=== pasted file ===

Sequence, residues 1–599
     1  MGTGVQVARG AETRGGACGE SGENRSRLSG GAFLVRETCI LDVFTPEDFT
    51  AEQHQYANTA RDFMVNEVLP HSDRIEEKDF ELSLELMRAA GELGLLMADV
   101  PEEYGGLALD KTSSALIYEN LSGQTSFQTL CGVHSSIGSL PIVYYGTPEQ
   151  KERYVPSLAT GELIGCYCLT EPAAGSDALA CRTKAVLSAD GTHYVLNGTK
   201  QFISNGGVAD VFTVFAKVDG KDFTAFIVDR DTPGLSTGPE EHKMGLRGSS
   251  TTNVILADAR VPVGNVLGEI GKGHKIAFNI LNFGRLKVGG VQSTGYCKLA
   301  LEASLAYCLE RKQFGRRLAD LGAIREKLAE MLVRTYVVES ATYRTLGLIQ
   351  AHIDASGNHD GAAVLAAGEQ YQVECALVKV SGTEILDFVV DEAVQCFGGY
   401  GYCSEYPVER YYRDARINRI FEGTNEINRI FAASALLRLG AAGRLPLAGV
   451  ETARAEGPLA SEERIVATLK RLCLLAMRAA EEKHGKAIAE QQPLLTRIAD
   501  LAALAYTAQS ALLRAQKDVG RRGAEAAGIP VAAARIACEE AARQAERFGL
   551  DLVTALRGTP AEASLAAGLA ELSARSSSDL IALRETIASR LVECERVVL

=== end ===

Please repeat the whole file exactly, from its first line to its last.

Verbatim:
Sequence, residues 1–599
     1  MGTGVQVARG AETRGGACGE SGENRSRLSG GAFLVRETCI LDVFTPEDFT
    51  AEQHQYANTA RDFMVNEVLP HSDRIEEKDF ELSLELMRAA GELGLLMADV
   101  PEEYGGLALD KTSSALIYEN LSGQTSFQTL CGVHSSIGSL PIVYYGTPEQ
   151  KERYVPSLAT GELIGCYCLT EPAAGSDALA CRTKAVLSAD GTHYVLNGTK
   201  QFISNGGVAD VFTVFAKVDG KDFTAFIVDR DTPGLSTGPE EHKMGLRGSS
   251  TTNVILADAR VPVGNVLGEI GKGHKIAFNI LNFGRLKVGG VQSTGYCKLA
   301  LEASLAYCLE RKQFGRRLAD LGAIREKLAE MLVRTYVVES ATYRTLGLIQ
   351  AHIDASGNHD GAAVLAAGEQ YQVECALVKV SGTEILDFVV DEAVQCFGGY
   401  GYCSEYPVER YYRDARINRI FEGTNEINRI FAASALLRLG AAGRLPLAGV
   451  ETARAEGPLA SEERIVATLK RLCLLAMRAA EEKHGKAIAE QQPLLTRIAD
   501  LAALAYTAQS ALLRAQKDVG RRGAEAAGIP VAAARIACEE AARQAERFGL
   551  DLVTALRGTP AEASLAAGLA ELSARSSSDL IALRETIASR LVECERVVL